At the Bayern-Kaserne (former Bavarian barracks) in Munich, a ground-breaking new project is currently taking center stage: the rubble from the site’s demolished buildings is being completely recycled for reuse on-site in new structures. The demolition of the old buildings, built by the Wehrmacht, began three years ago.
Professor Andrea Kustermann and her team from the Faculty of Civil Engineering at HM are developing the recipe for recycled concrete or “R-Concrete.” With it, they hope to reduce the world’s enormous quantities of concrete rubble.
Throughout Germany, the capacity of landfills is already largely exhausted, with millions of tons of new rubble being added every year. Even now, meter-high piles of rubble are accumulating on the site of the former barracks. The “deconstruction” will leave behind a total of 300,000 tons of concrete, brick, and mortar debris. At the same time, new sand and gravel for construction are still being mined. And transporting the rubble consumes fossil fuels.
For Andrea Kustermann, the rubble is a highly interesting research object. “As concrete is the most widely used building material in the world, concrete recycling can save enormous amounts of resources everywhere,” she says. In fact, recycling building materials on-site could significantly improve the eco-balance of the construction industry.
The professor pays weekly visits to the construction site to take samples: “With the model project, which has received €35,000 in funding from the municipal government, we want to find out how concrete from the demolition of old buildings can be 100% recycled.”
The fact that the principals of circular economy have rarely been applied to concrete construction in Germany is partly due to rigid building regulations: until now, only a restricted admixture of coarse-grained material has been permitted, and sand cannot be used at all. Porous components in cement can absorb water and deform, causing the concrete to crack when temperatures drop below freezing. Since no suitable formulations of R-concrete have been available before now, building with concrete made from 100%-recycled aggregate remains a novelty in Germany.
As concrete is the most widely used building material in the world, concrete recycling can save enormous amounts of resources everywhere.Andrea Kustermann, professor in the Faculty of Civil Engineering at HM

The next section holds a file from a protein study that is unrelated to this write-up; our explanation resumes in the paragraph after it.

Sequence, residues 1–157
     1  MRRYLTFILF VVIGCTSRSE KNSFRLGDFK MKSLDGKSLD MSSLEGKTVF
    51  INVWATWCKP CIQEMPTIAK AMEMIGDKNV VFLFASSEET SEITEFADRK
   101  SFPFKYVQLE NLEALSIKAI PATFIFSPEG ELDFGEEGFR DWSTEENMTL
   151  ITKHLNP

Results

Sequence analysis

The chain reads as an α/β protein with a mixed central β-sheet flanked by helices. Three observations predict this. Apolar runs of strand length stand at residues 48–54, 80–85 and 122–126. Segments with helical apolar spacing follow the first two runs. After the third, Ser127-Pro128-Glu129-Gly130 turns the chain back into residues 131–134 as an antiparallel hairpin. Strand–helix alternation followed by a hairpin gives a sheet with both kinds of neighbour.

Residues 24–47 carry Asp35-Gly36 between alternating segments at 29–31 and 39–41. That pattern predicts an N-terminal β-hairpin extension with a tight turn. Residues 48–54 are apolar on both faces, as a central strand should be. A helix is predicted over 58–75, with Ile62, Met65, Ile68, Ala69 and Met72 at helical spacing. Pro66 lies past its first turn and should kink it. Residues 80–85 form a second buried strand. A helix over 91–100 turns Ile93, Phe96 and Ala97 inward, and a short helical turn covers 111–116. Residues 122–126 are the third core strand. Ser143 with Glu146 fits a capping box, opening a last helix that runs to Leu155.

In 2019, HM founded the Institute for Material and Building Research (IMB) in order to promote and advance the study of sustainable building practices. At the IMB, Kustermann and her colleagues are working together to achieve this goal. The IMB’s running projects not only explore the use of recycled aggregate but are also looking at the reuse of recycled sand.
In order to develop their work, Kustermann and her team are collaborating with industry partners and other researchers. They are particularly open to the recruitment of new scientific researchers and doctoral candidates who are interested in these subjects. Guest scientists already working on sustainable building are also welcome to get in touch with Professor Kustermann.
“Through our experiments, we want to show that recycled concrete with 100%-recycled aggregate is definitely suitable for new concrete constructions,” explains Kustermann. “However, you have to know your material’s properties exactly to be able to judge where it can be used. It makes a difference if you are building a façade, or an interior wall that is never exposed to frost.”
Rows of labeled mortar tubs line the wall of the concrete lab at HM. The concrete debris in them was prepared for reuse by the project’s cooperation partner, the demolition company Ettengruber, at their crushing and screening plants. All of the samples are now fine-grained, but contain different amounts of brick, plaster, and concrete. “That’s why we have to develop different recipes for processing,” explains Kustermann.
First, the grain sizes in the aggregate are determined, and density and water absorption are measured. Then the engineers document the proportions precisely and mix the material with cement and water. Finally, sample walls are poured. Using these, the stress tests will be carried out. “With these tests, we can determine how resilient the finished concrete is and how often it can freeze and thaw without being damaged,” explains Kustermann.
When all the tests have been completed, the team will submit an application to the building authorities for the use of the 100%-recycled material. By 2020, the first temporary buildings will be constructed on-site using the “new” building material.
If you would like to find out about opportunities relating to the project, contact Professor Andrea Kustermann. More information on the Institute for Material and Building Research at HM is available on their website.